The following are some ways we can frame the issue to get our message across:
|HEALTH ADVOCATES||TOBACCO INDUSTRY|
|The right to breath smokefree air
|The right to smoke anyplace
In the media and politics, framing is everything. If the tobacco industry succeeds in characterizing a campaign for a local smoking ordinance as zealots opposed to local business, then they will succeed in defeating it. If, on the other hand, you succeed in portraying it accurately--as a public health campaign of local citizens opposed by out-of-state tobacco merchants--then the ordinance has a better chance of passing.
Although tobacco control ordinances are public health laws, it is important to know more about the issue than just the health effects of tobacco. It is crucial to counter the tobacco industry's false assertions about economic disaster.
Other Tobacco Control Issues
While framing the issue well is a fundamental skill, gaining access to the media at all is often the greatest challenge. When passing a local ordinance, getting media won't be the problem.
Getting a story about other tobacco control issues may be more challenging. In general, the media likes to report on events such as:
- Release of an opinion poll or survey
- Passage of a federal, state, or local law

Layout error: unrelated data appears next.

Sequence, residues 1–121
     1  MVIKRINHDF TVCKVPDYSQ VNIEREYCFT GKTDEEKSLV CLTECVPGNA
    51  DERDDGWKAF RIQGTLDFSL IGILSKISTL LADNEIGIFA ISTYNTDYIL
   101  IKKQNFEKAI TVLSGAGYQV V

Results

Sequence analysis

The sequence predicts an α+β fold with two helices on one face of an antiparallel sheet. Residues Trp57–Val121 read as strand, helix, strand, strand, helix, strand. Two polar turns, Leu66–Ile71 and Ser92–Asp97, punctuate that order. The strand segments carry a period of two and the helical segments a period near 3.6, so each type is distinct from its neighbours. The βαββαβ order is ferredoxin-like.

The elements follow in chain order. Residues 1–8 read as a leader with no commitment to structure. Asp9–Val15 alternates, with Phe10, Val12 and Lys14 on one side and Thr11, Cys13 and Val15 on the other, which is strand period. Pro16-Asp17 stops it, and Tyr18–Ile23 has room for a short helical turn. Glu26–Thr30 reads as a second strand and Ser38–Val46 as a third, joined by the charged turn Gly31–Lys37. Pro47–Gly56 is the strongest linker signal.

- Publication of a new study on tobacco
- Implementation of a voluntary smokefree policy in a school, restaurant, mall or stadium
- Exposing tobacco industry "dirty tricks"
When an important event occurs, it is by definition newsworthy. Therefore, the challenge for tobacco control advocates is to ensure that the issue is covered well. For example, a story about the passage of a local ordinance eliminating smoking in restaurants could be reported from two dramatically different angles:
Smokers Lose another Round: City Cracks Down on Restaurant Smoking
Fresh Air Victory: City to Clear Smoke From Restaurants
In order to obtain media coverage that both furthers the goals of the local tobacco control coalition and raises public awareness, advocates must educate the journalists about tobacco issues.
One of the greatest challenges is getting media coverage when your story is important, but not breaking "hard news." This, too, is not as mysterious a process as one might think. Here are some tips for getting your tobacco control story into the media: